I own both Mario 3 and Zelda on my 3DS. They are fun to play, the virtual console has a save state which is handy, and Mario 3 can even be downloaded to a friend’s console to be played together. Yet, it feels like Nintendo just threw an emulator + rom there.
I understand the limitations of the hardware at its time. NES games couldn’t benefit from modern features like multi-layered sprites. It could only have one foreground and one background layer. Developers had to be really clever to achieve visual effects back then, especially for parallax.
I am not necessarily saying to turn the game in 3D like the 3DNes does, but if the emulator can create such interesting results based only on the background displays and foreground sprites, I guess it wouldn’t be too much difficult to make the virtual console games stereoscopic capable by applying similar techniques.
Based on what I read about NES games and sprites, my guess is that the emulator assigns for each sprite one different level of z-index. It makes sense since sprites are recycled throughout the game for the same purposes, therefore creating a consistent depth experience for the most cases. If the sprite is used in a HUD as well as in the game, though, it would be more difficult to assign one magical solution to the sprite alone.
Take for instance the Castlevania image above. The tiles which make up for the floor are always used to compose the floor. Thus, giving one higher z-index value to them will make the floor appear closer to the camera than the sprites of the player and enemies because different z-index values could be assigned to them. So you see, despite the limitation of only having two depths of layering in the original console, such smart tricks can make up for the good results.
As the interview of Iwata points out, not every game would automatically classify for ‘3d-fication’ simply because they would not feel natural because of their camera perspective.
Megaman, for example, would have had problems with sprites of large bosses. For the NES system, if more than a certain number of sprites were displayed at once on screen, it would cause the game to flick. One strategy was then to render the boss as the background instead of using multiple sprites. This would clearly break the strategy of assigning different z-index numbers to sprites, for now, the boss is not a sprite but rather the entire background. Megaman would feel as living in a different plane than the boss. Yet, keep in mind, this is one exceptional case of the game. I agree rewriting code is tedious, but that would be only a small portion of the game to be rewritten I believe. One remarking thing about the interview between Iwata and Nakano is, as Nakano says, Xevious had the graphics redone and was programmed from scratch. My point here is that you would achieve good results with probably a lot less of code rewriting .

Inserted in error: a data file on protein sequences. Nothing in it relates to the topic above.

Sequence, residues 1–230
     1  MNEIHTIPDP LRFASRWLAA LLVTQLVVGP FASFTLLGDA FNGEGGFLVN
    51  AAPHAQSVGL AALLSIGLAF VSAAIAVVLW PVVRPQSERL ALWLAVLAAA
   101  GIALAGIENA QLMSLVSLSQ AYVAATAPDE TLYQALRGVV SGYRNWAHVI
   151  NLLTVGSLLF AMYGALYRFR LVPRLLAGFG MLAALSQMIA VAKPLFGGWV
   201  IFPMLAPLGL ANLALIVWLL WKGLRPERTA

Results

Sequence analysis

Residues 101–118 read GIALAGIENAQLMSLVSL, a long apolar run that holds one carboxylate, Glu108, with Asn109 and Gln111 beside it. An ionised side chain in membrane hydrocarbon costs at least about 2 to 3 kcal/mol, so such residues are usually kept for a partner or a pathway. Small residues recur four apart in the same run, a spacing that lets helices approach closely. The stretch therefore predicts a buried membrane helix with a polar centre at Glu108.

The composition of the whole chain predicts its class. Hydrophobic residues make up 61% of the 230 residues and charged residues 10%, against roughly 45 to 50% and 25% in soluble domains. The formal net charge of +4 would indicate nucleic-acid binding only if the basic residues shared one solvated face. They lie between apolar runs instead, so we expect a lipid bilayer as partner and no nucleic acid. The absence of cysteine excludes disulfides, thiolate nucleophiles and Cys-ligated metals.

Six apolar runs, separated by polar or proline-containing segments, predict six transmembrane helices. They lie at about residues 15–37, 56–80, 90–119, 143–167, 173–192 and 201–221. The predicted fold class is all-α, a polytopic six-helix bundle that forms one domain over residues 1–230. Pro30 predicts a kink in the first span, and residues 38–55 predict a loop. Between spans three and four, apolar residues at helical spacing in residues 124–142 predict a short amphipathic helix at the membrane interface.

Super Mario Bros. 3 seems like a reasonable game to ‘3D-fy’. Again, I am not suggesting that everything has to have the same depth applied on the emulator, but rather use it as a reference to see what would be possible to be done. For example, its title screen is all messed up likewise the select stage map. In those cases, you could just display the game without any 3D.
Sometimes the sprites appear awkward, but that is because the emulator also applies techniques such as creating blocks and applying sprites as texture, besides creating shadows. That is also impressive but not ultimately necessary.
In conclusion, I believe Nintendo could have exploited better the library of virtual console games for the 3DS by taking full benefit from its most appraised hardware feature: A 3D screen that requires no special glasses to play with. This would have surely brought that refreshing feeling to the old-school games which many love so much up to this day.